Friday 30 September 2016

Ulster Bank posts profit of £51m in first quarter

Published 30/04/2015 | 07:19

Ulster Bank CEO Jim Brown
Ulster Bank CEO Jim Brown

ULSTER Bank has posted a profit of £51m (€69m) in the first quarter, compared with €10m in the same period last year.

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Total income of £190m (€255m), up from £201m last year.

"This quarter sees sustained progress across the key areas, demonstrating the underlying strength of the core Ulster Bank franchise," said Jim Brown, who is moving on as Ulster Bank chief executive to another role at parent RBS.

"Both loan and deposit balances were impacted by a weakened euro but were stable on a constant currency basis. There was no net impairment charge this quarter," he add.

He added that the bank recorded a 55pc increase in mortgage drawdowns compared to the first quarter of last year.

He added that Ulster Bank has reduced its variable and fixed mortgage rates for new and existing customers, introduced a €1,500 contribution toward legal fees for new mortgage customers, launched a dedicated team of mobile mortgage managers and a return to the mortgage broker market.

Royal Bank of Scotland, Ulster Bank parent, said it expects to settle with U.S. authorities investigating alleged foreign exchange manipulation in the coming weeks and set aside a further £334m cover the cost.

The new charge takes the total set aside by RBS for future foreign exchange settlements to 704 million pounds. The bank was fined $634 million by British and U.S. regulators last November, being one of six institutions which paid out a combined $4.3 billion for failing to stop traders trying to manipulate currency markets.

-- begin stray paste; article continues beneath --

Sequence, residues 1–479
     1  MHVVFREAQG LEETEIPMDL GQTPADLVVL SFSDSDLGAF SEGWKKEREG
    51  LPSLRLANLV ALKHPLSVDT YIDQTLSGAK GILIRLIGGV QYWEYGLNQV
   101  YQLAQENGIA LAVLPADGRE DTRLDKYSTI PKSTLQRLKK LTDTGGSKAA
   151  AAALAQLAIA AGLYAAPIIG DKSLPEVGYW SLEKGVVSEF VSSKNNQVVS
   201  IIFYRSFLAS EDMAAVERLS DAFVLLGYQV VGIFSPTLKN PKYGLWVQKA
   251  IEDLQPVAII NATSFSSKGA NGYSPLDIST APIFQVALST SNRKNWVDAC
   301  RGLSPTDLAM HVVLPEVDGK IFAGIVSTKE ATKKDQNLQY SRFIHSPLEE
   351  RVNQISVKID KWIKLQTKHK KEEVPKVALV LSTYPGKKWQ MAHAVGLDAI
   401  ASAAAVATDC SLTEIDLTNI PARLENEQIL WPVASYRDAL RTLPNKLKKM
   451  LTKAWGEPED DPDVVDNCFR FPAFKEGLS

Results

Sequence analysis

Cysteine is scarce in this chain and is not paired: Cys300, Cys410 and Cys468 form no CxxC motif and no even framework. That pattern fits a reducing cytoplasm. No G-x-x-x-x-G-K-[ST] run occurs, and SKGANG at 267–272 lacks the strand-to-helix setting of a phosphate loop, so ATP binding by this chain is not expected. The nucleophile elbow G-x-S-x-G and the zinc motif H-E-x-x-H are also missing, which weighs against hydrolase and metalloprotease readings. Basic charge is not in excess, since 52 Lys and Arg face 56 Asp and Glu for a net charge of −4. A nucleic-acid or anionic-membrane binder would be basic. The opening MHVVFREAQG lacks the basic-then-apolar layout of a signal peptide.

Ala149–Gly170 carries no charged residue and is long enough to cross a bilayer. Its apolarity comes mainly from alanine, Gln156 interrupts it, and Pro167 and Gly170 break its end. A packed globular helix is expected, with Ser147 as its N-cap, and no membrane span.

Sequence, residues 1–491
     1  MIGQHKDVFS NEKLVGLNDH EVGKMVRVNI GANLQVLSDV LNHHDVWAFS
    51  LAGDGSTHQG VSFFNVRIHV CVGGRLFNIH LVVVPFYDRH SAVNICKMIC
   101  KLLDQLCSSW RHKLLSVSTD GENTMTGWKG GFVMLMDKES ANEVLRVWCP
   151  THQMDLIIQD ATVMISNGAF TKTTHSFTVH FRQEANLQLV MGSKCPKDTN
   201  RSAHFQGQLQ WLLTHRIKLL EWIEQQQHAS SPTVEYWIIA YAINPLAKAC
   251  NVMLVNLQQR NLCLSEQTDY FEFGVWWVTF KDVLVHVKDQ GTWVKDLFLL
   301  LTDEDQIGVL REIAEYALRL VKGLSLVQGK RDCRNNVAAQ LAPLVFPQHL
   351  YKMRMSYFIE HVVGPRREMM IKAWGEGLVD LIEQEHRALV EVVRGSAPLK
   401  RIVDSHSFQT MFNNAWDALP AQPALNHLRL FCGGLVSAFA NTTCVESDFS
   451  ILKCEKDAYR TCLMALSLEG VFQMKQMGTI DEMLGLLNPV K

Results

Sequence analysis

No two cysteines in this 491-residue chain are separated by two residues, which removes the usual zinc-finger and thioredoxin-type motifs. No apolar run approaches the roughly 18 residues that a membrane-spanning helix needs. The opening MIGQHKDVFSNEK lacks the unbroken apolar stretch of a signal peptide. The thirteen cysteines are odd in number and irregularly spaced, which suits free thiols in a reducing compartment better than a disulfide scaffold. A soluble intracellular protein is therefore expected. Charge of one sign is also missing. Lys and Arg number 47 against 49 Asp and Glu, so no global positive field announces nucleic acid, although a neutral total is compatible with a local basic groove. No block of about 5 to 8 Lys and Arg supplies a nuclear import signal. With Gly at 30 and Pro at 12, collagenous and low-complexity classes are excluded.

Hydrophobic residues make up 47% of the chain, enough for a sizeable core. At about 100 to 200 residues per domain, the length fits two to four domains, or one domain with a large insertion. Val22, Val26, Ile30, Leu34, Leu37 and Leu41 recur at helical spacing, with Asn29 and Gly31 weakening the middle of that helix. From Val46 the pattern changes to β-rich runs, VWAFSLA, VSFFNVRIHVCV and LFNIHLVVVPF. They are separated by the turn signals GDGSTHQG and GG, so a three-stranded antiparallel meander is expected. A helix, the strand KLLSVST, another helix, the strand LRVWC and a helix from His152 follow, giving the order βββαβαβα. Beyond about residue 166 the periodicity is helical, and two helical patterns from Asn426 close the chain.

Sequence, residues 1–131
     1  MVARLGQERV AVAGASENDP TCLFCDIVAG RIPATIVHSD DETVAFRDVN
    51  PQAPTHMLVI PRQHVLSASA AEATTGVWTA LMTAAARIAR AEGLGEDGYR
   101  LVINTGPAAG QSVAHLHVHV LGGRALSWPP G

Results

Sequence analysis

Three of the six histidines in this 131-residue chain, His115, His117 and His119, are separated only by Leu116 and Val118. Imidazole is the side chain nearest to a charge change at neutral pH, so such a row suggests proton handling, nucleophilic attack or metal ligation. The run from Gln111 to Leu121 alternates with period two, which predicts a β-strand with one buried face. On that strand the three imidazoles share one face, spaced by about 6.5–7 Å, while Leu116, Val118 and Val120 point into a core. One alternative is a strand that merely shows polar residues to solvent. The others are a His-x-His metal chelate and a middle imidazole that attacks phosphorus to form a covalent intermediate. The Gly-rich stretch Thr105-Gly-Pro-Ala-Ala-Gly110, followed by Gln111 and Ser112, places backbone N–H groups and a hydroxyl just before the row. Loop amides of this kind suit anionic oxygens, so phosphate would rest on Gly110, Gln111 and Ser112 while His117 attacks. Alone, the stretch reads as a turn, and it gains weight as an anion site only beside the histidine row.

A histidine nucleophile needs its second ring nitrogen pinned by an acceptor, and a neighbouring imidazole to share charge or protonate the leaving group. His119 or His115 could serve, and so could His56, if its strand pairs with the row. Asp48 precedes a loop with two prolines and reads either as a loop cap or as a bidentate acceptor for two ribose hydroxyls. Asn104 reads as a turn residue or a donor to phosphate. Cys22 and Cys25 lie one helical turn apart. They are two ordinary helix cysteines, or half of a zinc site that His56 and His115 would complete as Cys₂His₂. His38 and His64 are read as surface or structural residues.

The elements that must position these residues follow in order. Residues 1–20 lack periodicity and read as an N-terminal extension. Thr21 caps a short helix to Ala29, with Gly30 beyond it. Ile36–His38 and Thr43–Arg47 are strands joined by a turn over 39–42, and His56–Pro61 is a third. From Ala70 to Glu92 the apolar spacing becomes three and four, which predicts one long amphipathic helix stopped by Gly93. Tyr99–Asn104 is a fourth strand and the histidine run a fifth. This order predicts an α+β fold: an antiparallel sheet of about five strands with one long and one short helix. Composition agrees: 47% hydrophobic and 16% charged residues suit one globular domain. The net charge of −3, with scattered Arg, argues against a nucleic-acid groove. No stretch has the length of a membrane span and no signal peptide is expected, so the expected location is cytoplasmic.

RBS said on Thursday it was in advanced discussions over a settlement in relation to a criminal investigation conducted by the U.S. Department of Justice and other authorities, and expects to settle before the end of June.

Rival Barclays, which has yet to settle with any regulators over the matter, on Wednesday set aside another 800 million pounds to cover the issue.

RBS, 80 percent owned by the British government, remains hampered by a number of investigations into past misconduct, undermining its turnaround under CEO Ross McEwan who warned of another tough year as the bank grapples with a mammoth restructuring and the consequences of past misdeeds.

"There are still many conduct and litigation hurdles looming on the horizon and putting these issues behind us is a vital part of our plan," McEwan said.

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